Talking to Plants

by Brittney Scott

An old man with his feet before the fire
In robes of green, in garments of adieu.
~ Roethke

Goodnight, and by dawn leaves
open and unroll toward
my breathing. So many,
they collect all the light.
Ferns, peace lily,

ivy for my talon hands
to tend and water and prune.
It smells like dew and loss

in my home of sympathy
flowers and ironed suites.
I am always just behind the hearse.
My feet are layered in soil,

hands stained by the green
inkwell. I loved Sherlie,
my wife, she is a perennial now,
the begonia.

Too old to care for the yard
so the hedges shape into odd animals
and crab grass thrusts between Kentucky blue.

I am weary of the crows
in the stooped tree, lost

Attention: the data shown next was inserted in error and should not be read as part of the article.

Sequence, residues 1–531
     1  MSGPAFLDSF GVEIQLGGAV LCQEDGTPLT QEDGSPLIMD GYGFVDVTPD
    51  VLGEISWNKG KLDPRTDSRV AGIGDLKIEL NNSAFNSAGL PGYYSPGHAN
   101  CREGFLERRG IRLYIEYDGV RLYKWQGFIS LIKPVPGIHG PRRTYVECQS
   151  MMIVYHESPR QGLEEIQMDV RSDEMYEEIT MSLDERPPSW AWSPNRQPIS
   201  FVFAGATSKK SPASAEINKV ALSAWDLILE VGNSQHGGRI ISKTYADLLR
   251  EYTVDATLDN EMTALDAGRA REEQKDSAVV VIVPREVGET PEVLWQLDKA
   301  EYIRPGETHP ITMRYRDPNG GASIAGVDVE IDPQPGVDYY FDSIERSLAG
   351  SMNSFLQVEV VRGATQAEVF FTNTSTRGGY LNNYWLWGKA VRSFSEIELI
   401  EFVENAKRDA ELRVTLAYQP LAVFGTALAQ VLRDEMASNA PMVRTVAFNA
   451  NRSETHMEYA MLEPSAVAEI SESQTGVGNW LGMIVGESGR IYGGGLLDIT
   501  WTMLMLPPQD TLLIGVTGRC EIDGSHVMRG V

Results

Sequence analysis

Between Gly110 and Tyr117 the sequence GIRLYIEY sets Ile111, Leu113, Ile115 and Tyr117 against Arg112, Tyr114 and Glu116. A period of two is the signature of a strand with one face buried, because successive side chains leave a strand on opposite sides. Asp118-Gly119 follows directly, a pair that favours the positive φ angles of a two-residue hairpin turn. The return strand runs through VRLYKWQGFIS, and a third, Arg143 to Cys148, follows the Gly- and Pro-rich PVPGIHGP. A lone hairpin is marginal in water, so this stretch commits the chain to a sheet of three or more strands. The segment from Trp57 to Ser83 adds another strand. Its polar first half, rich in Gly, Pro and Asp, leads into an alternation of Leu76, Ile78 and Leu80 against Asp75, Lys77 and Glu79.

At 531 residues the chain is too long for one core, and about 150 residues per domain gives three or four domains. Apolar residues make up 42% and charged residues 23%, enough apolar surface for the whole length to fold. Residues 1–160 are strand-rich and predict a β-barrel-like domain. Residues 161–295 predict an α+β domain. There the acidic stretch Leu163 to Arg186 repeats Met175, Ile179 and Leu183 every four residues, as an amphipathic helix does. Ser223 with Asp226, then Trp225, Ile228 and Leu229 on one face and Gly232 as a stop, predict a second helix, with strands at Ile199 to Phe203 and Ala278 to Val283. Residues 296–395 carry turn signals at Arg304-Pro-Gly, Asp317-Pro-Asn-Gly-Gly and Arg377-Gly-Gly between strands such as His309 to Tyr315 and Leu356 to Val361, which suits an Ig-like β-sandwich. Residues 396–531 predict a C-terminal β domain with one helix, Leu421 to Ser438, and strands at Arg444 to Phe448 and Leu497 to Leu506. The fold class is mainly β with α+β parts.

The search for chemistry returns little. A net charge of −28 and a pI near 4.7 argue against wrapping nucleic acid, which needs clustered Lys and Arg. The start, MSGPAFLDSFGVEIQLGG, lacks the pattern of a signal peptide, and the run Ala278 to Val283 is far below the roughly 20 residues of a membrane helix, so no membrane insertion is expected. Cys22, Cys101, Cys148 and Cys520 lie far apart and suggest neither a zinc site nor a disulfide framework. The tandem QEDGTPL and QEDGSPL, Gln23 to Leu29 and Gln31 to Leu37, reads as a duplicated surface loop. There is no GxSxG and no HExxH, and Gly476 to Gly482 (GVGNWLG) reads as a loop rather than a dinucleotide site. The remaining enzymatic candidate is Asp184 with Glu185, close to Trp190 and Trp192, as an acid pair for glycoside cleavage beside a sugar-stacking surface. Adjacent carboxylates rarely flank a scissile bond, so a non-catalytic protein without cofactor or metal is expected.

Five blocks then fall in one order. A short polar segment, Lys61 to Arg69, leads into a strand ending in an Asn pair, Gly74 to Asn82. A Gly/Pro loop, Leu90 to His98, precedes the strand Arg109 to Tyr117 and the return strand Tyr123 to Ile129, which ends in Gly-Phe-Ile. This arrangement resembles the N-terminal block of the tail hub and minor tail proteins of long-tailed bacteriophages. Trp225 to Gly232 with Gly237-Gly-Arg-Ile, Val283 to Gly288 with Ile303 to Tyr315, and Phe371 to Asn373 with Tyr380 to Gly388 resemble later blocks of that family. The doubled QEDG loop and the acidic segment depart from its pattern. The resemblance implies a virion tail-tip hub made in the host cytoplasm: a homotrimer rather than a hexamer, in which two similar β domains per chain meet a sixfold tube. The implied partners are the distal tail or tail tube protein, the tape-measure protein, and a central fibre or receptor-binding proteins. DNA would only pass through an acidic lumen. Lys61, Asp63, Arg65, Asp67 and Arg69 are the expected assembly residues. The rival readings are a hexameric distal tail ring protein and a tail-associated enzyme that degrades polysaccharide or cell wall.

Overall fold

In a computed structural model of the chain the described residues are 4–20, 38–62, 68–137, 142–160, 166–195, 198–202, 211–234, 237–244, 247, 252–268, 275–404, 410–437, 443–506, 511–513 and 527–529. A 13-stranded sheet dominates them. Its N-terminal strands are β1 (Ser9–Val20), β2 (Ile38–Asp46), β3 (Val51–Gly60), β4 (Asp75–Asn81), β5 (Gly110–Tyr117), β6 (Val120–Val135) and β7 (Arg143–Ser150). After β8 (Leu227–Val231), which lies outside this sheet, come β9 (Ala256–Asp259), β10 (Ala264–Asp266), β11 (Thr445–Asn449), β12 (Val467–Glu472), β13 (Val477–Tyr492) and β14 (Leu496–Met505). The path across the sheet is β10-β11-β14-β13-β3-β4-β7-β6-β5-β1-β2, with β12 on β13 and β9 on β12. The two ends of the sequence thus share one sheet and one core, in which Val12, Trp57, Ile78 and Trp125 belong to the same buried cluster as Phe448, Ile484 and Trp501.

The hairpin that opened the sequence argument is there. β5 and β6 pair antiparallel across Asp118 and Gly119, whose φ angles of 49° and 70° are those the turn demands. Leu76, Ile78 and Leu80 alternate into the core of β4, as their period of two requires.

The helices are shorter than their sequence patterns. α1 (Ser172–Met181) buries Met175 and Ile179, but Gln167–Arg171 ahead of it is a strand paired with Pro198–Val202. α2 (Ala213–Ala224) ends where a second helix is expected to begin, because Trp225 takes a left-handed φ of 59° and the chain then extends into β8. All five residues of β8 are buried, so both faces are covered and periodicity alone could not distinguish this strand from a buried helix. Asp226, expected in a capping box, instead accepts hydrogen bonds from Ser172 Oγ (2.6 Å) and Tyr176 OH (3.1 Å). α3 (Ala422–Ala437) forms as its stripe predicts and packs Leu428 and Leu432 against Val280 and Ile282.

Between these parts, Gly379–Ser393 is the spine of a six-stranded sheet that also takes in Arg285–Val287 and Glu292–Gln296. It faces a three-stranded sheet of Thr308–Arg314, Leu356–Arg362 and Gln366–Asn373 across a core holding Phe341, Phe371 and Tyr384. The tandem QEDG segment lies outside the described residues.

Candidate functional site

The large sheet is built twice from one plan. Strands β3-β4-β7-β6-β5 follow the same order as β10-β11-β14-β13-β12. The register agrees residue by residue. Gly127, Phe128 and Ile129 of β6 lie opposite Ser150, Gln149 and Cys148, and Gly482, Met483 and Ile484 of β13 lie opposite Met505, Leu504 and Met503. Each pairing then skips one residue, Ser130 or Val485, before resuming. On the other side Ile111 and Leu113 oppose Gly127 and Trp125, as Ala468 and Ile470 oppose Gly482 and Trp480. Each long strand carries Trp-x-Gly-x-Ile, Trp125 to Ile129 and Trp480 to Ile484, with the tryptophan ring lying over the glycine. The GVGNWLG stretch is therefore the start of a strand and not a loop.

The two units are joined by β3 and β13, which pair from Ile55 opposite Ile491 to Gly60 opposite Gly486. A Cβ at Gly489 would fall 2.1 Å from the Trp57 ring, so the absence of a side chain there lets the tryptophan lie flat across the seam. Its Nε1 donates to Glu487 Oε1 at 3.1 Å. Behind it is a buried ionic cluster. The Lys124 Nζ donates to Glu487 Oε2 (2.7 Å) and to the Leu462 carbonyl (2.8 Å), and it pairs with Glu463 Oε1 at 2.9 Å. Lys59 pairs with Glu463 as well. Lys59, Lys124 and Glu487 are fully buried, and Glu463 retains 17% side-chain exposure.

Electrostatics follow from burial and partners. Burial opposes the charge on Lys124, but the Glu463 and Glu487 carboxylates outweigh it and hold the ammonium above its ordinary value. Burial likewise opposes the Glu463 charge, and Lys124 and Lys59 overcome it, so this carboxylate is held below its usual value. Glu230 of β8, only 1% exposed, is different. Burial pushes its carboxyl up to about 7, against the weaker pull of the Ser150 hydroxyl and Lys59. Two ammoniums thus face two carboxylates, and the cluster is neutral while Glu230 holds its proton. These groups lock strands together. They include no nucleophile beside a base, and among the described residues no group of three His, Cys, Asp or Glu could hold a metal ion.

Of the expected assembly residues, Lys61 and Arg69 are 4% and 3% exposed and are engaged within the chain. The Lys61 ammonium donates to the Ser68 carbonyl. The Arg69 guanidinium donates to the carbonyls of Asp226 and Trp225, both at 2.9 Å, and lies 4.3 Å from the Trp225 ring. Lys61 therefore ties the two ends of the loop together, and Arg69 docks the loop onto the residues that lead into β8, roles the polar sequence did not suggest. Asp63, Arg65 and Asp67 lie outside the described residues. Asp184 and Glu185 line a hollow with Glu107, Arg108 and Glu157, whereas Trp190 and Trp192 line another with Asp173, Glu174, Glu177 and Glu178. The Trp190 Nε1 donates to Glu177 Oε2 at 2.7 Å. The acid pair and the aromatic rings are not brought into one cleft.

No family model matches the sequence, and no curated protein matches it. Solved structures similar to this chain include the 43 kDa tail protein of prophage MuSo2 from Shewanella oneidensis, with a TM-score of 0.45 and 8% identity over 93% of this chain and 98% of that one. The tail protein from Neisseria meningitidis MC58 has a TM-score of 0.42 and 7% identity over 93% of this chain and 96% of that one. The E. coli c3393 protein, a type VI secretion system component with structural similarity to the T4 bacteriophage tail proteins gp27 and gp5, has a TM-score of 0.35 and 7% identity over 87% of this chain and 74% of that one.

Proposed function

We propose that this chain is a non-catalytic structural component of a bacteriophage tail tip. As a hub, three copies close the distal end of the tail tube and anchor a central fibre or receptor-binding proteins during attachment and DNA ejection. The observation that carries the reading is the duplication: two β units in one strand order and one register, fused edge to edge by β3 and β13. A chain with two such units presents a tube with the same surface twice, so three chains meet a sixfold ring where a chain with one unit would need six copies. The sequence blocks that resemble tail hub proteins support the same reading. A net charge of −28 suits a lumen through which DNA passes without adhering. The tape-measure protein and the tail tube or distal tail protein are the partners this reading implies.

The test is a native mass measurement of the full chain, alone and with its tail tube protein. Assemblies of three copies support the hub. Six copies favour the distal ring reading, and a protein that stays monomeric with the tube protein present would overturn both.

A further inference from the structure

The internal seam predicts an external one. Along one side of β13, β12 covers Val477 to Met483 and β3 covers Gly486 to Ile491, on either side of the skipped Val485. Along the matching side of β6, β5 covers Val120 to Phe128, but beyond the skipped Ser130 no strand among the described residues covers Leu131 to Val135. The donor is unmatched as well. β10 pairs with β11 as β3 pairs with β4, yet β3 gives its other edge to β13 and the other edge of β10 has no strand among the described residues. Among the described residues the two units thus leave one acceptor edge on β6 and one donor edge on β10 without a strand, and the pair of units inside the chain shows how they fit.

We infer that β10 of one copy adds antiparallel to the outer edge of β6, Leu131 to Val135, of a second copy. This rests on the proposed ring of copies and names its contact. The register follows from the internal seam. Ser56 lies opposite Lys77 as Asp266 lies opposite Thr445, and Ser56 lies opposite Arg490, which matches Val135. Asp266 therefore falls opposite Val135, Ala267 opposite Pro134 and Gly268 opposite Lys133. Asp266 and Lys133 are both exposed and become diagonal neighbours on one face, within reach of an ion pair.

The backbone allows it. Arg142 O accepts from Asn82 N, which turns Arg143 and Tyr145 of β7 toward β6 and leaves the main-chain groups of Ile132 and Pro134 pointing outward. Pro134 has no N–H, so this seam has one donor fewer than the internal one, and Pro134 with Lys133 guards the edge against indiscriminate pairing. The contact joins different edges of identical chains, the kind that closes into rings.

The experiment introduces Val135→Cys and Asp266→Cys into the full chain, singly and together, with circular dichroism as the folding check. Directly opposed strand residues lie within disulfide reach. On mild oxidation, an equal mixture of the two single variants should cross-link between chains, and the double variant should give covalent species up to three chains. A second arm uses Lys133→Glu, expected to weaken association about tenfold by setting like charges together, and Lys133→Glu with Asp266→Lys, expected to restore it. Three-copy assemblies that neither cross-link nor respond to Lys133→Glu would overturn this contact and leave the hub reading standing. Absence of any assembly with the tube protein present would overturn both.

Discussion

cats on my doorstep,
grandfather clock in the hall,
sundial in the fading garden,
hourglass on the bureau, bats
who’ve flown a long way

to hang in my heart.
But still they grow,
expensive plants of sorry,
taking up all the sills.

 

 

Brittney Scott received her MFA from Hollins University. She is the 2012 recipient of the Joy Harjo Prize for Poetry as well as the Dorothy Sargent Rosenberg Poetry Prize. She teaches creative writing to adults, Girl-Scouts, and high-risk youth at Richmond’s Visual Arts Center.